Cough no more
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The flowers are blooming, the grass is lush and green. Soon it will be spring and some of us will start sniffling and coughing. “Spring brings with it flowers, fragrances and allergen pollen,” says Shikha Sharma, founder and managing director of Nutri-Health, a wellness clinic in New Delhi. When you come in contact with allergens, be it dust, smoke, pollen, pets dander, insect sting or even a strong smell, your immune system responds hyperactively, making you cough, sneeze or wheeze.
“The irritating dry cough is difficult to control as it is a result of airway hyper-reactivity to allergens,” says Zafar Ahmad Iqbal, consultant, pulmonology, sleep and critical care, at the Fortis Hospital in Mohali. Throat allergies can lead to muscular chest pain, throat pain, wheezing and, in some cases, breathlessness and difficulty in swallowing. The best-case scenario is to pinpoint and avoid the allergen that triggers your cough, but this may not always be possible. “If it becomes severe or lasts for more than two weeks, it might not be allergic in nature,” says Dr Iqbal. “It could be bronchial asthma and you might need a doctor.” If you keep getting a sore throat, however, you should start gargling in the mornings with warm salt water to protect yourself in this season, suggests Sharma. “Gargling pulls out fluids from inflamed tissues in the throat, loosens thick mucous, and removes allergens, bacteria and virus from the throat,” says Sharma. As the mucous thins and the bacteria clears up, your throat will feel better. So before you ravage your body with another anti-allergen pill, try these natural ways to get rid of those constant wheezes.
Shy away from all things floral
“Flowers and flowering plants are pollen-rich and, if your body is allergic, it’s best to avoid them,” says Shweta Rastogi, chief dietitian, Guru Nanak Hospital and Research Centre, Mumbai. Stay away from other allergens, like dust, smoke and pets too. “Wash hands regularly, especially after coughing, eating, using the toilet or meeting sick people,” says Sharma. Ensure commonly used areas at work and home are kept clean, and clean the things you are in contact with, like your phone or laptop. Consider using an air conditioner or humidifier to restrict the entry of these allergens into your home.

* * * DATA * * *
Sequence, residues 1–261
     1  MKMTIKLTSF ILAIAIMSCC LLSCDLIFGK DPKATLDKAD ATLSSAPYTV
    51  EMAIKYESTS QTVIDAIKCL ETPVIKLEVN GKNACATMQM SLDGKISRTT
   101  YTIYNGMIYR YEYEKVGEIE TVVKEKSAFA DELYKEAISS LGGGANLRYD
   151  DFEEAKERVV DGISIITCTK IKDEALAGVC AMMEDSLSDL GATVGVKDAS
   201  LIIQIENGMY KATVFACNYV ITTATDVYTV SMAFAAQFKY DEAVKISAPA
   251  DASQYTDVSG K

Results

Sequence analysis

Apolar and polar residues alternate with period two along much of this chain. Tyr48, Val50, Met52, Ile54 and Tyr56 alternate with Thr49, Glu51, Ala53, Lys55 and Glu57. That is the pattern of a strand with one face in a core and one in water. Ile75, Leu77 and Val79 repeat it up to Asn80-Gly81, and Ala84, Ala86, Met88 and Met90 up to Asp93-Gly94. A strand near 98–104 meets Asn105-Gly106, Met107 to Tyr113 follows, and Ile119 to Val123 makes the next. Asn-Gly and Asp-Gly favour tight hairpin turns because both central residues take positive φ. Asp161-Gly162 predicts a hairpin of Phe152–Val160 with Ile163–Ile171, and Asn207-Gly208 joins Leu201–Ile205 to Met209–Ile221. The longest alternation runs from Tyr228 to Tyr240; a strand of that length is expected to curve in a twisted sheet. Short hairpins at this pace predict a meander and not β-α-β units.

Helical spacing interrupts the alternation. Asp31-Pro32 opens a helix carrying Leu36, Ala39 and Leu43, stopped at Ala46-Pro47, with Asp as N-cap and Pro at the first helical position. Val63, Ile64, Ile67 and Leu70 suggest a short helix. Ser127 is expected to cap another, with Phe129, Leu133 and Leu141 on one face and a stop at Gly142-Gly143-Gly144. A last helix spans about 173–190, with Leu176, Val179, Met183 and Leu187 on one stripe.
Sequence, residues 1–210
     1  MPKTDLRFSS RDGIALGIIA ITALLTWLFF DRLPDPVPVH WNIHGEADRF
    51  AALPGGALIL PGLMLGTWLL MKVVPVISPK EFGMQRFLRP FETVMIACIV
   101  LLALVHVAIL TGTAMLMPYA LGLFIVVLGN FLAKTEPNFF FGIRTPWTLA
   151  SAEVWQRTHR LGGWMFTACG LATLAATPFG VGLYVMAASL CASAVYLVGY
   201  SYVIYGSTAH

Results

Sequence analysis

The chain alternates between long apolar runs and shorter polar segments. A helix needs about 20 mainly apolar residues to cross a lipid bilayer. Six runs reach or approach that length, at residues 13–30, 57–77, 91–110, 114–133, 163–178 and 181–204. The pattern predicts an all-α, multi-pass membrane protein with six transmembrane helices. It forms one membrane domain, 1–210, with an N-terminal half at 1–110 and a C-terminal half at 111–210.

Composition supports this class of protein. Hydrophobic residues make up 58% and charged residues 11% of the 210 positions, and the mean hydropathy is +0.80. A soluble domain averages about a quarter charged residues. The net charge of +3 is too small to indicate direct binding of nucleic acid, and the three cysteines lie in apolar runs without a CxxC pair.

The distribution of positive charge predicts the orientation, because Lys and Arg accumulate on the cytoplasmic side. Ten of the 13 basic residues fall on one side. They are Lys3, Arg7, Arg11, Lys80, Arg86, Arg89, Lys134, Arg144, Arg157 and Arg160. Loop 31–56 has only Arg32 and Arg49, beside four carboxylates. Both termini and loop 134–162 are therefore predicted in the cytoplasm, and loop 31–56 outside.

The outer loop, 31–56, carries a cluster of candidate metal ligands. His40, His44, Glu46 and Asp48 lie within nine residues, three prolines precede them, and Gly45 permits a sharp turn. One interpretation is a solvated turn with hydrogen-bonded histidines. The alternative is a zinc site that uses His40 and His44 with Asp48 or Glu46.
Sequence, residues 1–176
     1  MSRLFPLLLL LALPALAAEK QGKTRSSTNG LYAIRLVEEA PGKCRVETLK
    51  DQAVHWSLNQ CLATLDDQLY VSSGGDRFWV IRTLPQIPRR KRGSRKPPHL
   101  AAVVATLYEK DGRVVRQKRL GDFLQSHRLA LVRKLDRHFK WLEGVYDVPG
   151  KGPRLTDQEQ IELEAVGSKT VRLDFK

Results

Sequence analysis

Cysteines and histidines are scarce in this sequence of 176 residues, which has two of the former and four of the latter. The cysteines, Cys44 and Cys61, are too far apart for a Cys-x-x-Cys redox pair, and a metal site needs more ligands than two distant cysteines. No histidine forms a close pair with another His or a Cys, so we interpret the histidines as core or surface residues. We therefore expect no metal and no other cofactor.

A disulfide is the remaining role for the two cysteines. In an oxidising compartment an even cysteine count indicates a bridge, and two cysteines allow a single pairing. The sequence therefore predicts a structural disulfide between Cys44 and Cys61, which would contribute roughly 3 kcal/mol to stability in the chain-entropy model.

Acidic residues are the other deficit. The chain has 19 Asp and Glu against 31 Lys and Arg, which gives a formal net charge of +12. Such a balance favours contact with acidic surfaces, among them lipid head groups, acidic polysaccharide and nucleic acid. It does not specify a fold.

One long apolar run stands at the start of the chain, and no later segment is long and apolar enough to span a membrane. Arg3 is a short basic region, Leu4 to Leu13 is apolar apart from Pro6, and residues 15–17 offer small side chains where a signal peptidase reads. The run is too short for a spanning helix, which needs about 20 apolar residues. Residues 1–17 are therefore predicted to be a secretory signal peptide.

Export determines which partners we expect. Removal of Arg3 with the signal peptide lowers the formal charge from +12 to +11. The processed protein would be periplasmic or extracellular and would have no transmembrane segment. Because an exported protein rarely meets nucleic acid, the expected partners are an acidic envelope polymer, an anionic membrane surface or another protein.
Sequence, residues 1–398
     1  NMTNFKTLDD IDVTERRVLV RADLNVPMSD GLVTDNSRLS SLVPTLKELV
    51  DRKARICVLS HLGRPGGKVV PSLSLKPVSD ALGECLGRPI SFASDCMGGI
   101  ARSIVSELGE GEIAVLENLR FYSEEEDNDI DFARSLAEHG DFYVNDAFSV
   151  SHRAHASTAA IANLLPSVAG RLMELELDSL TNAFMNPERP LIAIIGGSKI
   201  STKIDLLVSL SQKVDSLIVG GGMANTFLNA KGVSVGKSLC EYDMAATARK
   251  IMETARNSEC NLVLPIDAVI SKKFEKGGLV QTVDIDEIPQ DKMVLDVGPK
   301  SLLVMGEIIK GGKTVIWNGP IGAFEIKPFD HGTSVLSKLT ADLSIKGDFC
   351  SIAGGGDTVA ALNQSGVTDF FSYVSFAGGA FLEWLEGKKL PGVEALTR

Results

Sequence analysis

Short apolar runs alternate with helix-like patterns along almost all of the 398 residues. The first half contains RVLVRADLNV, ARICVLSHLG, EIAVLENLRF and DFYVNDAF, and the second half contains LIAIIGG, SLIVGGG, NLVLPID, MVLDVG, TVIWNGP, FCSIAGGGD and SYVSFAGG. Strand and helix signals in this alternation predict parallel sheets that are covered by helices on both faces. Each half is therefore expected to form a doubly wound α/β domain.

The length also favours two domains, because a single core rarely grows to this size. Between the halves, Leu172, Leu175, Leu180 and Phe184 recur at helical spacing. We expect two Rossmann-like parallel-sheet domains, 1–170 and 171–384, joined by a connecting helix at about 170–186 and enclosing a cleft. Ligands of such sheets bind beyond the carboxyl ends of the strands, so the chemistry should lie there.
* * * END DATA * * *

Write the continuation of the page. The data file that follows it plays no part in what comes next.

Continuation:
Up vitamin C
Whether you take it in the form of oranges, lemon or gooseberry, vitamin C is your shield against allergic reactions. “Vitamin C repairs and heals the respiratory system and prevents the damage done by inflammation caused due to the allergy,” says Dr Iqbal. It’s one of the most important nutrients for your immune system, says Shubi Husain, founder and managing director of Health Sanctuary, a chain of weight management clinics. “Though oranges and lemons are the best source of C, if fruits don’t suit you or inflame the tissues of your throat, take Brussels sprouts, cabbage, carrots or spinach,” she says.
Avoid exposure to smoke, dust, traffic and crowded places, says Dr Iqbal. “Pollution and smoke precipitate allergies and damage the respiratory system,” he says. Active and passive smoking or even indoor pollution from agarbattis (incense sticks), mosquito coils or room sprays, can trigger sneeze bouts in those sensitive. If you can’t avoid being in polluted places, wear a surgical mask as you walk around. If your eyes are sensitive and water and itch outdoors, protect them from exposure with wraparound sunglasses.